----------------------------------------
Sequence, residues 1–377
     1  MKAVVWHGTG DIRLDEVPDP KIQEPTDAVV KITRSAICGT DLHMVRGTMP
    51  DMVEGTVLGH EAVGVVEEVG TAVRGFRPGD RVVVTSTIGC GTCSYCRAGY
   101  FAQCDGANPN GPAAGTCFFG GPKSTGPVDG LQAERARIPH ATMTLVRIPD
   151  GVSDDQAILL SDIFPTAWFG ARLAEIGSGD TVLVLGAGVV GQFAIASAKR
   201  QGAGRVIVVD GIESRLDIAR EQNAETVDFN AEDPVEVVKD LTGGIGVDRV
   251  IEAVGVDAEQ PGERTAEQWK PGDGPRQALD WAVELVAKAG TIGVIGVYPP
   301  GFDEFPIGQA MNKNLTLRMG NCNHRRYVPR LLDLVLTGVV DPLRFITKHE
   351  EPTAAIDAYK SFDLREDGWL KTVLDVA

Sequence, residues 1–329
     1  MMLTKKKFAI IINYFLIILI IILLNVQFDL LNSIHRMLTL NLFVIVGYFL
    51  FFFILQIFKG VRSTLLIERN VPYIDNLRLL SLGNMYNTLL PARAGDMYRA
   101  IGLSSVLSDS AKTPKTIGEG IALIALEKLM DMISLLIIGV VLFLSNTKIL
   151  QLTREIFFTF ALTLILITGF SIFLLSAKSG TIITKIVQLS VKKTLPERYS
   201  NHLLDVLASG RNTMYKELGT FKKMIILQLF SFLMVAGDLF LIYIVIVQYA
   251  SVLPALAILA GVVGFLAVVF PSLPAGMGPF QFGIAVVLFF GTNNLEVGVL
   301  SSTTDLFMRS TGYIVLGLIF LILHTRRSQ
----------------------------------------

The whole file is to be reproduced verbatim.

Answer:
Sequence, residues 1–377
     1  MKAVVWHGTG DIRLDEVPDP KIQEPTDAVV KITRSAICGT DLHMVRGTMP
    51  DMVEGTVLGH EAVGVVEEVG TAVRGFRPGD RVVVTSTIGC GTCSYCRAGY
   101  FAQCDGANPN GPAAGTCFFG GPKSTGPVDG LQAERARIPH ATMTLVRIPD
   151  GVSDDQAILL SDIFPTAWFG ARLAEIGSGD TVLVLGAGVV GQFAIASAKR
   201  QGAGRVIVVD GIESRLDIAR EQNAETVDFN AEDPVEVVKD LTGGIGVDRV
   251  IEAVGVDAEQ PGERTAEQWK PGDGPRQALD WAVELVAKAG TIGVIGVYPP
   301  GFDEFPIGQA MNKNLTLRMG NCNHRRYVPR LLDLVLTGVV DPLRFITKHE
   351  EPTAAIDAYK SFDLREDGWL KTVLDVA

Sequence, residues 1–329
     1  MMLTKKKFAI IINYFLIILI IILLNVQFDL LNSIHRMLTL NLFVIVGYFL
    51  FFFILQIFKG VRSTLLIERN VPYIDNLRLL SLGNMYNTLL PARAGDMYRA
   101  IGLSSVLSDS AKTPKTIGEG IALIALEKLM DMISLLIIGV VLFLSNTKIL
   151  QLTREIFFTF ALTLILITGF SIFLLSAKSG TIITKIVQLS VKKTLPERYS
   201  NHLLDVLASG RNTMYKELGT FKKMIILQLF SFLMVAGDLF LIYIVIVQYA
   251  SVLPALAILA GVVGFLAVVF PSLPAGMGPF QFGIAVVLFF GTNNLEVGVL
   301  SSTTDLFMRS TGYIVLGLIF LILHTRRSQ